The pensions press has been abuzz with comment on the expanded range of powers given to the Pensions Regulator (“TPR“) by the Pension Schemes Act 2021 (the “Act“) which are expected to come into force in Autumn 2021. These include imprisonment or unlimited fines for some offences, civil penalties of up to £1 million and enhanced information gathering powers with penalties for non-compliance.

Once the relevant parts of the Act are in force, for the first time, TPR will be able to pursue criminal convictions, in circumstances where action or inaction results in either: 1) the avoidance of an employer debt to a defined benefit (“DB“) scheme, or 2) a material reduction to the chance of members getting their DB benefits in full. And the target can be any “person”, not just the employer or an associated or connected entity (insolvency practitioners are expressly exempted). Some in the pensions industry have raised concerns that normal corporate behaviour could potentially be caught. TPR is keen to dispel such worries and was swift to publish a draft policy and a consultation (which ended on 22 April 2021) on how it plans to use its new powers.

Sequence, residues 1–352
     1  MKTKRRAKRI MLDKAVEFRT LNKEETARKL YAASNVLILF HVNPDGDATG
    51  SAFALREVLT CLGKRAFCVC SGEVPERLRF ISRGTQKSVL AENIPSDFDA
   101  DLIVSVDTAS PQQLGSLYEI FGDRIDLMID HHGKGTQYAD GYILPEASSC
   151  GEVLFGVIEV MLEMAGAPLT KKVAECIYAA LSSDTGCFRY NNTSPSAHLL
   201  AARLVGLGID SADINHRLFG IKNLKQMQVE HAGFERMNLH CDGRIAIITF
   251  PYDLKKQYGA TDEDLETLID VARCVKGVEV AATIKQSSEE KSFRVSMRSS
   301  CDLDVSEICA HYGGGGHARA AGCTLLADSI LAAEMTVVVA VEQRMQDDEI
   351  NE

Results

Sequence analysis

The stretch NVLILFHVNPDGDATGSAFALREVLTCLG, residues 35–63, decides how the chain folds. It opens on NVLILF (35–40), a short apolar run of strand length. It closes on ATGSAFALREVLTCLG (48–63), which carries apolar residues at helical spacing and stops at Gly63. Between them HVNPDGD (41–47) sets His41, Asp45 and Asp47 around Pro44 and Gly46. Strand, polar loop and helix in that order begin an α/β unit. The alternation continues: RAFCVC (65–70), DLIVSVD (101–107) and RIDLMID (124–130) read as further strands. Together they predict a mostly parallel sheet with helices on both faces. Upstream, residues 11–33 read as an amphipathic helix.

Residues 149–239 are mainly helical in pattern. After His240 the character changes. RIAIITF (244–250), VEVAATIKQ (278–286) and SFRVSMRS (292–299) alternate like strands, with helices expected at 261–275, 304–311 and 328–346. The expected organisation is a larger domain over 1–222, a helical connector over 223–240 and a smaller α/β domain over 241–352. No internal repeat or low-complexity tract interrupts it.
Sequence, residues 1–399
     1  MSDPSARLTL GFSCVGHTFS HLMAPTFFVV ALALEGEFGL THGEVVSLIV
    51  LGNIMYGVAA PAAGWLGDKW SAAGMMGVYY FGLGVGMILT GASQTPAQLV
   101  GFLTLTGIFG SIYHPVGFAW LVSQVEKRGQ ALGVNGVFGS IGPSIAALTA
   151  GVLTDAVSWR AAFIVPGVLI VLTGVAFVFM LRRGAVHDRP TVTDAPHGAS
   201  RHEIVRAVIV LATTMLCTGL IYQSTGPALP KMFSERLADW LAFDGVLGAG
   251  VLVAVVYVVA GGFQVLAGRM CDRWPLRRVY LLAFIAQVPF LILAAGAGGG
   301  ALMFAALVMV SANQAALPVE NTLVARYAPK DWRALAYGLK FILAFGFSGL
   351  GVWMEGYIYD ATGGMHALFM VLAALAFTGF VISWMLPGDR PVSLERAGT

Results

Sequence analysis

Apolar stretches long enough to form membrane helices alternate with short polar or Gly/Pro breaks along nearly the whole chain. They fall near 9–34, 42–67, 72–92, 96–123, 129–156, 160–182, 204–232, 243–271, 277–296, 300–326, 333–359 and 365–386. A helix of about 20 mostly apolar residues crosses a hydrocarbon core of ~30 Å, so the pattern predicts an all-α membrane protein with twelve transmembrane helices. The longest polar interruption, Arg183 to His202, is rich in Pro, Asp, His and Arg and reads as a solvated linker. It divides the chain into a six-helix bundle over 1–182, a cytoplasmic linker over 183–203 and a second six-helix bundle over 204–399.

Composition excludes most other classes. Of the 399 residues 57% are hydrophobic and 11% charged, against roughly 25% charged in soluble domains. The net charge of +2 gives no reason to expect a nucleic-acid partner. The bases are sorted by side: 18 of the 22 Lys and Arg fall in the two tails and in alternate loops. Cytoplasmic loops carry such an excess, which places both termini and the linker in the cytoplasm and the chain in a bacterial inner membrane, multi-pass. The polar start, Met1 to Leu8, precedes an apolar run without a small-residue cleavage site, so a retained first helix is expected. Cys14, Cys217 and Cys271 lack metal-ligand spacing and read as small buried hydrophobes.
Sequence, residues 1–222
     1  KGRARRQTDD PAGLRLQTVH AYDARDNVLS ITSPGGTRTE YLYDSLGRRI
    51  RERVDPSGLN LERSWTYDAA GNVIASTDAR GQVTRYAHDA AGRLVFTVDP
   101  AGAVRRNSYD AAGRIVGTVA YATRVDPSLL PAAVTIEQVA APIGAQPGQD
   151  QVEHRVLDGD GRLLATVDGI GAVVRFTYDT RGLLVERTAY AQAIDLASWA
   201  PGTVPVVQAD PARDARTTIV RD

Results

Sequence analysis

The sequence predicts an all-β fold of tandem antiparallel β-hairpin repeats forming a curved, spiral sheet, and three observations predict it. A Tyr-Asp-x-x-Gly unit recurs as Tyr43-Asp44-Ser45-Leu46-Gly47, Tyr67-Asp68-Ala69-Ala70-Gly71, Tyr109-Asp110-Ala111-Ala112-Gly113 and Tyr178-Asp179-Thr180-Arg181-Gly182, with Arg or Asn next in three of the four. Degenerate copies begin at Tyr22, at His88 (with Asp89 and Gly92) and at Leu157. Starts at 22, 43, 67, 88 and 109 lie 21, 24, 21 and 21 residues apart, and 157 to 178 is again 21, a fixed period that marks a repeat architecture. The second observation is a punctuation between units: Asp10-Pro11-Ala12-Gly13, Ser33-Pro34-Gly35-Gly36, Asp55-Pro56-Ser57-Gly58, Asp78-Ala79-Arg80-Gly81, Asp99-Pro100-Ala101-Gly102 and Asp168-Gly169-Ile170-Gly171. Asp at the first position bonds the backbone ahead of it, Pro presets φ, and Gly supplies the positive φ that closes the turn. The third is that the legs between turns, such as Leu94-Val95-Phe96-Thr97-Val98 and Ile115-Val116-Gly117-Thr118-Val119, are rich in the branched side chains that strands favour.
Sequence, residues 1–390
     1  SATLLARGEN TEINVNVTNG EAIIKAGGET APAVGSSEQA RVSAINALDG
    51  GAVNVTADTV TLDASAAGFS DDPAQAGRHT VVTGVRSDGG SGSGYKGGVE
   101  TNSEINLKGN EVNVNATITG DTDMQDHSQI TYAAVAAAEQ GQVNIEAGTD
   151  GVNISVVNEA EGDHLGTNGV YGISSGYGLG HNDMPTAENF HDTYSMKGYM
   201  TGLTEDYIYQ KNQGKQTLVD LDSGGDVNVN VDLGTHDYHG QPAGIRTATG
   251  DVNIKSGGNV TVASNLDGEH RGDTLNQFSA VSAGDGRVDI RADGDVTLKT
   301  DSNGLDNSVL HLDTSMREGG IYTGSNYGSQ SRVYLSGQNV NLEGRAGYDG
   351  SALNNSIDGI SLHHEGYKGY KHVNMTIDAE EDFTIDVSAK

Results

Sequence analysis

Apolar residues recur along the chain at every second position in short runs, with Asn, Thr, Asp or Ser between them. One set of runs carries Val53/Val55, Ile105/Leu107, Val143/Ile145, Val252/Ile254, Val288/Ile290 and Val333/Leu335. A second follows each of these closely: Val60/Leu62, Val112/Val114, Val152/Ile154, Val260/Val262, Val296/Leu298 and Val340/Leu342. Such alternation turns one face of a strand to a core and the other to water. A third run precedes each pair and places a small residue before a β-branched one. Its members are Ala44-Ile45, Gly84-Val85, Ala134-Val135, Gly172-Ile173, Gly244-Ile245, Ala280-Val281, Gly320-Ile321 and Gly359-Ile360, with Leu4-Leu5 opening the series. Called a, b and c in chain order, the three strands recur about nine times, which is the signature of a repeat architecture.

In the accompanying press release, David Fairs (TPR’s Executive Director of Regulatory Policy) commented that “The intent of the new criminal offences is not to change commercial norms or accepted standards of corporate behaviour. Rather it is to tackle the more serious examples of intentional or reckless conduct that puts members’ savings at risk; and strengthen the deterrent and punishment for that behaviour. Our policy is consistent with this intent.”

TPR has also pointed out that, in order for the power to be exercised, there must be intent, an act and the absence of a “reasonable excuse”, which together represent a high bar.

In April, TPR also issued a blog “Time for some perspective on our criminal offences powers” aimed at reassuring employers that TPR “will not overstretch the intent and purpose behind the powers”. In the blog, David Fairs says it is perhaps not surprising there has been some heated debate about the reach and remit of the new powers given the sanctions attaching to them but emphasises that TPR will always take an “appropriate and proportionate approach”. Helpfully, he also says that TPR will not be targeting acts which pre-date the coming into force of the relevant parts of the Act.

The overall message from TPR is that its powers “should not worry those who are doing the right thing and properly thinking through the actions and decisions they take. They should, however, cause a deal of anxiety for those who intentionally want to avoid liabilities or put pension savings at risk.”

Given the significant penalties involved, employers and other parties will nevertheless want to take a cautious approach, especially in the early days of the new regime and seek early advice on any actions or events that might bring them within the scope of TPR’s new powers.